The last couple of years has seen 3D take centre stage as an entertainment medium. The movie Avatar - widely acclaimed as the best example to date of 3D cinematography - can take a lot of credit for bringing this transformation from what was once seen as a gimmick, to a technology that stands poised to become a focal part of our everyday lives.
To fully appreciate the entertainment possibilities that the various new products give us, it’s a good idea to understand how we see in 3 dimensions naturally, and how that concept is used in technology to let our eyes and brains ‘see’ artificially created 3D images.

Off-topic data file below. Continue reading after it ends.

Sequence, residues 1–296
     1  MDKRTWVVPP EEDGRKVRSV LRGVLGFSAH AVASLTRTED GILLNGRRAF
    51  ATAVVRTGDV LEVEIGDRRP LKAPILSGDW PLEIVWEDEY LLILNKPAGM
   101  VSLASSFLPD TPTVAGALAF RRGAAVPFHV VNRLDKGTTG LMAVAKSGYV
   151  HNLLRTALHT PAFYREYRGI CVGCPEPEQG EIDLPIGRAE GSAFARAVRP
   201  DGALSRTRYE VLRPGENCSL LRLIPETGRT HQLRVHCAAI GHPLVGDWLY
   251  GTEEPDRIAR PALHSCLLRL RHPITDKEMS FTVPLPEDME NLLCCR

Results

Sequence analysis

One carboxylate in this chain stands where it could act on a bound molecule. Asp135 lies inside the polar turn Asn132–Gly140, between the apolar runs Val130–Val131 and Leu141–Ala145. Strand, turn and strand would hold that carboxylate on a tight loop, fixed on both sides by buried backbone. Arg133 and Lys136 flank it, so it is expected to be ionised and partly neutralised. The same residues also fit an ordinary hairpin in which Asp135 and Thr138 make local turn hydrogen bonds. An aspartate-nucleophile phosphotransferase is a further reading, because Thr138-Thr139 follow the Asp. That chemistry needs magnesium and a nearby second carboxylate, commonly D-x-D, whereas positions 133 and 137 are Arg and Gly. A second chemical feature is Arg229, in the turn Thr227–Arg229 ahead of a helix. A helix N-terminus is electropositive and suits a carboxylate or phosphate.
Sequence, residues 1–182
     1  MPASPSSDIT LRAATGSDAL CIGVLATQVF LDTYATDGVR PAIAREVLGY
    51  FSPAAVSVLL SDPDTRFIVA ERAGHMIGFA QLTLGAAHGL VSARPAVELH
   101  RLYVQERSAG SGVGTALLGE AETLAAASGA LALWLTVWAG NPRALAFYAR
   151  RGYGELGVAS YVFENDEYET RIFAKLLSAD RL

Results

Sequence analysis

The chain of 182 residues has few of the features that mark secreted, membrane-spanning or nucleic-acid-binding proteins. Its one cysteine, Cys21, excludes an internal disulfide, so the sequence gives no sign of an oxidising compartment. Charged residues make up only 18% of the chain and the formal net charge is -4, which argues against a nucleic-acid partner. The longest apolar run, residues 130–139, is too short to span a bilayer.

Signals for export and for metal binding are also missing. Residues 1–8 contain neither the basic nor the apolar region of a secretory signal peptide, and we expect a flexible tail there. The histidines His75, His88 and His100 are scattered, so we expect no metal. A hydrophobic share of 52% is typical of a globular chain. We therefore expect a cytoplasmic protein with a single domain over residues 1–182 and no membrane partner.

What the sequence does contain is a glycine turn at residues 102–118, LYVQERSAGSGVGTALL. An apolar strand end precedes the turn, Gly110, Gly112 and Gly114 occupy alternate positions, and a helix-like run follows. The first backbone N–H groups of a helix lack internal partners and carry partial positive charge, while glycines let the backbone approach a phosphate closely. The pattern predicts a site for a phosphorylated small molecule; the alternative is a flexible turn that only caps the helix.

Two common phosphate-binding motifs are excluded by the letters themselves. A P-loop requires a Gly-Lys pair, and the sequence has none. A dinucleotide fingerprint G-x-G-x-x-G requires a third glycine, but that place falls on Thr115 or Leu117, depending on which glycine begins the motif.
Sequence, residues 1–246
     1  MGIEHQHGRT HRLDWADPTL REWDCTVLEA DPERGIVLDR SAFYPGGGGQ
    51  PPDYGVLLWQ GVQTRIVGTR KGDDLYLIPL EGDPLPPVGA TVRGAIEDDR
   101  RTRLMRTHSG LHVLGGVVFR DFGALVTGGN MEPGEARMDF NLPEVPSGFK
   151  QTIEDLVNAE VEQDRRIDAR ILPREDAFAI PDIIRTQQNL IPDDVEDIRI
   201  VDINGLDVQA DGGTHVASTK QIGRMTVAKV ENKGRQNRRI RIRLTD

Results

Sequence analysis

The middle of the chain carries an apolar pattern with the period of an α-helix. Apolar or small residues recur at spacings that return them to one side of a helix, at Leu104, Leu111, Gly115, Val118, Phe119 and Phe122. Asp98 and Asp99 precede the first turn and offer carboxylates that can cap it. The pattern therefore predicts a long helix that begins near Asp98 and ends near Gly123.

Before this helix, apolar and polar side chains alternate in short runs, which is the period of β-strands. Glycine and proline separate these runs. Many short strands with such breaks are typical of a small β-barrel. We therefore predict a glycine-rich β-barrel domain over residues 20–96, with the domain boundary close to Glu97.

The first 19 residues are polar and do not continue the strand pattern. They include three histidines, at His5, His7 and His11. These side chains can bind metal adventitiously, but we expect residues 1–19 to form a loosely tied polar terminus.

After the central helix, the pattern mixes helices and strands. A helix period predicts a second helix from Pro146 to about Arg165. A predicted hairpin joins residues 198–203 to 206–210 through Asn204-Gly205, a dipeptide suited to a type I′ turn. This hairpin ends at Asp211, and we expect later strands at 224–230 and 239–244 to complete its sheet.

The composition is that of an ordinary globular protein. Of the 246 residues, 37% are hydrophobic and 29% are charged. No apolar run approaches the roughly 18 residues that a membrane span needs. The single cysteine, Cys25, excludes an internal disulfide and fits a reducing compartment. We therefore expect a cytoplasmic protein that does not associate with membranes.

1. What is 3D?
The 3D imaging we know in visual media is based on our natural ability to view the world in 3D (stereoscopic vision). This has been incorporated in 3D glasses, TVs, displays, projection systems, and visual content like design and animation too.
3D stands for three dimensions. But it’s actually much more than that. It’s the experience of living in, feeling, seeing, hearing, and touching everything around you. It’s the experience that drives creators to make televisions, video games, and even books. In this sense, 3D is an attempt to recreate an experience, or more specifically, to recreate the ‘perception’ of that experience.